i play an mmo called bdo and your skill animation speed is affected by the fps. when i had 60 fps i would drop combo all the time and certain mechanics like mouse move rushing wind wouldnt go off and I thought I was just bad but after I upgraded my cpu and can get 150+ fps ive havent had a problem with them. also I usually run a lot of stuff in the background like discord and chrome and im usually watching a video while I grind so the 6 cores is very useful so they don't cut into the game performance. and I got a lg ultra gear monitor and the colors are so much better than the cheap monitor i was using before. in fact i have a bit of a dilemma since I want to game on the lg monitor because its 144hz but i also want to watch videos on it since the colors are so much better. guess i buy a second one sometime down the line so i stop having to face that dilemma lol

 

it cost like 15 dollars to see a 3 hour movie so thats like 5 dollars per hour of entertainment

 

i played like 15,000 hours in bdo alone so not even counting my other games and my pc will cost about 1330 dollars to build today including everything though granted ive spent probably more like 1500 on it and ive spent like 400 dollars on bdo so thats like 12 cents per hour of entertainment 

So much of this.

People really undervalue computer games. For the amount of enjoyment you get out of them, the cost to enjoyment ratio is extremely small.

PCs are probably one of the least expensive hobbies to have.

Hell, even running can get pretty expensive over time.

4 hours ago, Aereldor said:

I don't know where you think you're going with this tribalistic 'don't mess with my community' angle. I joined this forum on July 3, 2015, just prior to building my PC (the one with the i3), and have been posting here for over 5 years, almost 6,000 posts mostly doing the same thing. So cut that out.

And I joined in 2013, and have 27,000 posts. What's your point? Those numbers mean absolutely nothing.

You can't bash someone for saying something like that and then do the exact same thing. That's awfully hypocritical.

3 hours ago, NineEyeRon said:

And golfers are worse than cyclists...

Mmmm. I don't think so.

Knowing golfers, they don't spend anywhere near what I spent mountain biking.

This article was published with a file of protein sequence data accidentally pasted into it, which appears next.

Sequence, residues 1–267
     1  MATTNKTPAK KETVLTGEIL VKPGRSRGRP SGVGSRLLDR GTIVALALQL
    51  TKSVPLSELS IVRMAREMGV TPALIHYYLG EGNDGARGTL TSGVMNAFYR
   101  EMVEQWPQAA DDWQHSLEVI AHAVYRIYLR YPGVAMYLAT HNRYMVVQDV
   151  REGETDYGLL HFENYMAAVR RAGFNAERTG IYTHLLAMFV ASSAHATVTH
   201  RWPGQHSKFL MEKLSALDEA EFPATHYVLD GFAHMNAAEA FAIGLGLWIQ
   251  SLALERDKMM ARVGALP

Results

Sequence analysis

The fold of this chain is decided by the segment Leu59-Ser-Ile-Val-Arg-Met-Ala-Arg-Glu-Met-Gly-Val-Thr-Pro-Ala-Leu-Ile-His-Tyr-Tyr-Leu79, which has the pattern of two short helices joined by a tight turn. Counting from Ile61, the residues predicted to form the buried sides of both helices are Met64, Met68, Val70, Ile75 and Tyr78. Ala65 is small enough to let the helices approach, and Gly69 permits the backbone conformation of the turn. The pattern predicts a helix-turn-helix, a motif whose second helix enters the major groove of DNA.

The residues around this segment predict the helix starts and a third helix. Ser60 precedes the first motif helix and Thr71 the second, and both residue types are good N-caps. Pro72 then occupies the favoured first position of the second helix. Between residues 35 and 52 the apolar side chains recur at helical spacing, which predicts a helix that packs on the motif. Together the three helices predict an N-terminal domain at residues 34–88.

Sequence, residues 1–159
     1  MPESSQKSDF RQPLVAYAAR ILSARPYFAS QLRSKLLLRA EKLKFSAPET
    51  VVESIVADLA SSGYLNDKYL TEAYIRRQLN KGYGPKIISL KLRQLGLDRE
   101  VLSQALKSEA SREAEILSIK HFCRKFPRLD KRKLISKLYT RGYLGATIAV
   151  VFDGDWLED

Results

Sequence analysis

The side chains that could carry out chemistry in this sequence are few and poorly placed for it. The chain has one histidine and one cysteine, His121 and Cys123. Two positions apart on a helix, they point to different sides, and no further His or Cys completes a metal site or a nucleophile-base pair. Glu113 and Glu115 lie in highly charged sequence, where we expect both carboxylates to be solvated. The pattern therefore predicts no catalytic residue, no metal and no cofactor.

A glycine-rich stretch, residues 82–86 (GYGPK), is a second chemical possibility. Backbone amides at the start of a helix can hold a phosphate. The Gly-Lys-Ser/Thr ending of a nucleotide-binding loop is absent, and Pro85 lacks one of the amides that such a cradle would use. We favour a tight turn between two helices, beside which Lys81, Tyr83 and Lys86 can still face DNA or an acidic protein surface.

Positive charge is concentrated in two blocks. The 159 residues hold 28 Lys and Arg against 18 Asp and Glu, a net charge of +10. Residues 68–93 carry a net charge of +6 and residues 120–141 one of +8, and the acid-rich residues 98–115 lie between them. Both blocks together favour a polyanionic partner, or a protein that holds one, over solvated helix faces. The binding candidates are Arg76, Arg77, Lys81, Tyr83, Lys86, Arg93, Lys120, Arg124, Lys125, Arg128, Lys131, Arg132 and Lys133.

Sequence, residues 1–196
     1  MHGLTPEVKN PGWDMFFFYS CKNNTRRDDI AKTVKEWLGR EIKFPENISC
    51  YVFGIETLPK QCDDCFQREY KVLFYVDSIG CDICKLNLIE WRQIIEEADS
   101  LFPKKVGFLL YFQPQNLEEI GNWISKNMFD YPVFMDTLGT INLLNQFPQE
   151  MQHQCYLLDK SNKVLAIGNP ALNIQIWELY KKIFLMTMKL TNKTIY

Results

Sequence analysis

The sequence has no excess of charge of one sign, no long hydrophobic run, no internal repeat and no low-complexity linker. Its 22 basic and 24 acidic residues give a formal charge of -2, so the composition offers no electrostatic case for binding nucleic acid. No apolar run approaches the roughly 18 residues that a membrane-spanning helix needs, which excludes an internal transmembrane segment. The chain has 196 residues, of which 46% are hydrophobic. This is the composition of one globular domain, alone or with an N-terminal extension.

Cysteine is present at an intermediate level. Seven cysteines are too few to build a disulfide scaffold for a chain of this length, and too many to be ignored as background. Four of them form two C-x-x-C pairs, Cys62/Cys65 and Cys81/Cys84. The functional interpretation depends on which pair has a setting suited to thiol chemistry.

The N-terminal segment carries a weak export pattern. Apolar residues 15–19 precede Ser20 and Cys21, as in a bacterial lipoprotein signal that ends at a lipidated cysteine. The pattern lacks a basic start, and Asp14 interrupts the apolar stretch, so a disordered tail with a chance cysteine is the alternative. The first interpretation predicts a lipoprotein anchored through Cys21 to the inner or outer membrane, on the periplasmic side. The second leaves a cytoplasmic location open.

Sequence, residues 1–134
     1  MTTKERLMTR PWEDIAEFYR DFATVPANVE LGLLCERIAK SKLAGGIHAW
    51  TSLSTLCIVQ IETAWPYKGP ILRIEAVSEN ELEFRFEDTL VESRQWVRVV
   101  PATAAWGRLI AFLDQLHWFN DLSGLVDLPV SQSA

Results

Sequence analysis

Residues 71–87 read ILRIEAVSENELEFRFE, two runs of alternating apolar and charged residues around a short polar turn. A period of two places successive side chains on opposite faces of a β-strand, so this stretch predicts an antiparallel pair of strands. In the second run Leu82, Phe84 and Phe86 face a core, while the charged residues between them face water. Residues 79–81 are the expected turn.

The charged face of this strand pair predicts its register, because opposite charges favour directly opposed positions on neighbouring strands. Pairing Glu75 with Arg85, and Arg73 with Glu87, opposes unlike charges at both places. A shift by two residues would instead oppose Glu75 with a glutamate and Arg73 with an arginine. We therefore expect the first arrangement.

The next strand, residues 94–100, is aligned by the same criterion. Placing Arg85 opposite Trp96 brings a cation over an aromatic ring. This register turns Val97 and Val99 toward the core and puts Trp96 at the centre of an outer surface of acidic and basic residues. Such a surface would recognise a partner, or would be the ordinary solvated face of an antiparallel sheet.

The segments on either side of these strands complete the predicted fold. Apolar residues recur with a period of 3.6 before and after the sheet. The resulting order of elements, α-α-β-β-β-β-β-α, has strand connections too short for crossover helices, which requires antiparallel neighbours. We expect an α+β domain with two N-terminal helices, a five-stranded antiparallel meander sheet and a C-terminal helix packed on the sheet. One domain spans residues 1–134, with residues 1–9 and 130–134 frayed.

3 hours ago, Statik said:

I think the argument that first time builders should buy $400 PCs is kind of a moot point. Sure it grinds my gears when someone makes a post saying "Hey a 3950x and 2080Ti a good combo? First pc!", and I think people try to level with them and bring them down a bit, but it's their money, so who cares?

 

Sure you hit a point where you get diminishing returns, but here's my 2c on it.

 

Until last fall I was rocking a FX-8320, and GTX 770, and always believed "all you need is 30fps 1080p". But after upgrading to a 3800x + 2080 Super with a 3440x1440p monitor, I realized how massive the difference it is. Sure you can get by with a cheapo rig, but the experience is (IMHO) unparalleled. I noticed the difference between 1080p and 1440p the second I loaded into windows. I'm not saying it's the biggest bang for your buck, but anyone who claims the difference between a $400 build and a $2000 is barely noticeable is foolish. I would say it's like comparing a used beater $1000 car, and a modern Lexus off the lot, they both get you point A to point B, but one does it a hell of a lot nicer.

 

I don't think there should even be a debate on how much first time buyers should spend. If you can afford it, and you want to buy it, then buy it. People understand they can pinch pennies and still get a PC, but they willingly spend more money for a better gaming experience.


Also there's the argument of longevity. I would much rather spend $2000 on a PC that destroys games for 5+ years (i.e. a 4790k + 980Ti combo still competes today), then spend $400 on a tin can, then 1-2 years later realize my 30fps machine is now a 25fps machine, and constantly throw money here and there to keep it swinging.

 

I.e. I would rather spend 2k at once for several years of 144hz gaming, then spend 2k over several years to slowly upgrade and maintain a 30fps machine.

So. Much. Truth.

I think most people that have a 3950x and 2080Ti as a first rig probably come from other, more expensive hobbies, and when they look at the cost they think "oh, wow, only $4k for a full set up? Not bad!" That's the mentality I'd probably have had, if I got into PC gaming before mountain biking, where a bike would cost me $4 - $5k.

3 hours ago, Aereldor said:

I've build tons of PCs for around $100 with Dell optiplexes or Core 2 Quads from junkpiles. Building from used parts is extremely user unfriendly, and requires a significant amount of prior knowledge to get good deals on. Otherwise you have to keep asking on a forum to check if parts that become available around you are compatible, generally a pain in the ass. 

$400 will get you a very competent gaming PC, and save you that pain in the ass all at once.

You don't need a ton of knowledge to click "buy now" on an eBay auction, and throwing a card into a machine that doesn't even need a PSU cable plugged into it isn't exactly a hard ask either.

2 hours ago, Statik said:

You can't compare specs of consoles to PCs. My PS4 ran RDR2 and Metro Exodus, where I probably wouldn't even attempt that on a $400 PC, as they're considered some of  the most intensive games out to date. They're optimized completely differently, and I think it's like comparing apples to oranges.